1×105 yl cells were plated in growth medium. Twenty-four hours after plating, the medium was replaced with fresh medium containing various concentrations (0-10 μM of 5 azaCdR (Sigma). The medium was removed and replaced with fresh medium containing 5 azaCdR every 12 h for a period of 72 h. Following 5 azaCdR treatment the cells were plated onto a six well dish in growth medium (100, 300, 500 cells per well) for cologinecity determinations, in soft agar for determining anchorage independent growth (3×103 cells per well) and in low serum (1% horse serum) for five days to determine viability under serum deprived conditions. All of these assays were performed in the absence of 5 azaCdR.
As shown in FIG. 8, treatment of Yl cells with 5 azaCdR mimics the action of the expression of an antisense for MeTase. Indeed, treatment of Yl cells with 5 azaCdR is shown to increase the level of non-methylated cytosine (FIG. 8A), to decrease the viability of serum-starved cells (FIG. 8B), and finally to drastically inhibit the growth of Yl cells on soft agar (FIG. 8C-D). The effect of 5 azaCdR on Yl cells was shown not to depend on the cell line per se since performing the same experiment under the same conditions but using Rb-human tumors and human small cell lung carcinoma cells gave similar results.
This set of experiment therefore suggests that 5 azaCdR can be successfully used as an anticancer agent, to alter the genetic program or to restore an authentic program disrupted by deregulation of DNA methylation.
The data presented herein, strongly support the hypothesis that hypermethylation plays a critical role in maintenance of the transformed state, and even predict that the increase in methylation is critical for the transformed state. The fact that the RAS signalling pathway has been shown to induce the activity of the DNA MeTase promoter provides us with a mechanism to explain this increase in the DNA methylation capacity of cancer cells (FIG. 9). It stands to reason therefore that the DNA MeTase is an important effector of the RAS signalling pathway.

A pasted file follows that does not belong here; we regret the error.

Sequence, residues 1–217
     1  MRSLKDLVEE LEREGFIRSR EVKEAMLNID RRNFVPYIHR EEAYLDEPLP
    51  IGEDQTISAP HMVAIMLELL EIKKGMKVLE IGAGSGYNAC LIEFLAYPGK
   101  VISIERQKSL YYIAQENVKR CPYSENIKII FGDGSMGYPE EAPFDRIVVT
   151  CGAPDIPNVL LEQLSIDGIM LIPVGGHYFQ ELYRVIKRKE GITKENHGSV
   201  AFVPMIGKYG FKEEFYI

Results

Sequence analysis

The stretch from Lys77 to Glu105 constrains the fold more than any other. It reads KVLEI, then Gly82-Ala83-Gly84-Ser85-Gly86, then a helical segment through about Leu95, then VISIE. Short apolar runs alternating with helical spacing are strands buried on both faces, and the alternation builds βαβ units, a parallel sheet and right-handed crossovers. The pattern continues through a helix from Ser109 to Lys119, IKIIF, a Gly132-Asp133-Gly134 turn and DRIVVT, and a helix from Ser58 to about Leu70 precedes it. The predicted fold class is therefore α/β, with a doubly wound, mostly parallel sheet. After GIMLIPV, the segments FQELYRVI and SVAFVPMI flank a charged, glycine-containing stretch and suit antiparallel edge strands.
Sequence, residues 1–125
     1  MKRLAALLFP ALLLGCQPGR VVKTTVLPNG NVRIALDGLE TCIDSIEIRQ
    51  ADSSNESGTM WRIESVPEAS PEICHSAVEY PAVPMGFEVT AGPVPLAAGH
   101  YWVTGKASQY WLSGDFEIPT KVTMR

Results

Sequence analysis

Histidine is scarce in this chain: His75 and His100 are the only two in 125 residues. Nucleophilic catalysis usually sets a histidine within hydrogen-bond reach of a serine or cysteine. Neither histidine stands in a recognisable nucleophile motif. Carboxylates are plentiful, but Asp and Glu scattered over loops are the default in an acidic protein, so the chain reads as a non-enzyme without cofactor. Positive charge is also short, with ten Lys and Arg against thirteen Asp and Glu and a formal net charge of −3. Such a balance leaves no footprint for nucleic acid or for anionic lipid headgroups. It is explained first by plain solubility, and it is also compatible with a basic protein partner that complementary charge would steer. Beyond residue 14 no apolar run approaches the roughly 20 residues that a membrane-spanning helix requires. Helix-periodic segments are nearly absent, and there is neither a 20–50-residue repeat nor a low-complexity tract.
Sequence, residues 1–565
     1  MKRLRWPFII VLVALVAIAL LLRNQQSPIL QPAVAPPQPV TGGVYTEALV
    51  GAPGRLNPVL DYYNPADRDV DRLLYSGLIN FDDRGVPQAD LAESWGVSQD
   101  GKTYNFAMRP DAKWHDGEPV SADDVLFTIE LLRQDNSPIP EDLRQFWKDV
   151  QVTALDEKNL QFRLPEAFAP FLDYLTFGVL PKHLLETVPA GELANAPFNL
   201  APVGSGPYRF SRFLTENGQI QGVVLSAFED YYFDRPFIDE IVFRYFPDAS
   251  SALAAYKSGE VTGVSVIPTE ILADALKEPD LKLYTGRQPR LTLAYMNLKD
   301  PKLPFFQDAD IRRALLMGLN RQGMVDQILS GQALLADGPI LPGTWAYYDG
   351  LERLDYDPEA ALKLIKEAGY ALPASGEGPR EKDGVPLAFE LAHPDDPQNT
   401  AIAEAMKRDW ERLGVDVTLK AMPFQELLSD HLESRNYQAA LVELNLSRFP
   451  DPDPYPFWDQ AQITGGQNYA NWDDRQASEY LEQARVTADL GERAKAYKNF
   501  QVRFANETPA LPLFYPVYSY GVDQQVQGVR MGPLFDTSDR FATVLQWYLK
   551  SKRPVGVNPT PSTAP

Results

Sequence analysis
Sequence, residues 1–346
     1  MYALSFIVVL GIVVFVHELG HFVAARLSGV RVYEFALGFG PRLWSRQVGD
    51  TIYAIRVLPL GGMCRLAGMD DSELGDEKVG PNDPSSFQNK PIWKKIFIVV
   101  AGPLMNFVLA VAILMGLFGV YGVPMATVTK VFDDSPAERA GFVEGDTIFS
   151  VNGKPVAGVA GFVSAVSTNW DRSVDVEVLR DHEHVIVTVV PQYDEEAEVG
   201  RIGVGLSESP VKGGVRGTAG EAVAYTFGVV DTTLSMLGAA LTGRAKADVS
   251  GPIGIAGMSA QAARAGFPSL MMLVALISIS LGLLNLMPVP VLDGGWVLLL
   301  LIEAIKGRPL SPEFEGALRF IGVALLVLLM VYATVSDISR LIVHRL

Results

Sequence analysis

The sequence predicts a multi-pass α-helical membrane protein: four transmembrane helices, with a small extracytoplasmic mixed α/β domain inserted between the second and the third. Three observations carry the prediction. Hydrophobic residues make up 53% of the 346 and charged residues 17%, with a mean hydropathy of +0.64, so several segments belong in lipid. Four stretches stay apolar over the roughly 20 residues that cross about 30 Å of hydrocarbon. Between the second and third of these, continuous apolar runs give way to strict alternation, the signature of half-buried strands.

Taken together, the data presented above, provide basic principles regarding the therapeutic implications of DNA methylation. First, because the level of DNA MeTase activity is one determinant of the pattern of DNA methylation, partial inhibition of DNA MeTase activity can result in a change in the methylation pattern. If aberrant hypermethylation in cancer cells is caused by over-expression of the DNA methyltransferase, then partial inhibition of methylation is expected to restore the original methylation pattern. Second, since this pattern is not exclusively determined by the DNA MeTase activity but is also defined by cis- and trans-acting signals at the gene site, a partial inhibition of DNA MeTase will result in a programmed change in gene expression rather than a chaotic transformation of the cell. Furthermore, DNA MeTase inhibitors can be used to induce a program that is latent in the cell.
While the invention has been described with particular reference to the illustrated embodiment, it will be understood that numerous modifications thereto will appear to those skilled in the art. Accordingly, the above description and accompanying drawings should be taken as illustrative of the invention and not in a limiting sense.
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|U.S. Classification||514/44.00A, 435/7.1, 536/24.5, 424/130.1, 435/183, 435/6.12|
|International Classification||A61K31/70, C12N9/00, A61P7/06, C07K16/40, C12N15/09, A61K38/00, C07H21/04, C12N9/10, A61P35/00, A61K38/43, A61K39/395, A61K48/00, C12N15/113|
|Cooperative Classification||A61K31/706, C12N9/00, A61K2039/505, C12N2310/111, C12N15/1137, C12N9/1007, C07K16/40|
|European Classification||C12N9/10A1, A61K38/00, C12N9/00, C07K16/40, A61K38/43, C12N15/113D|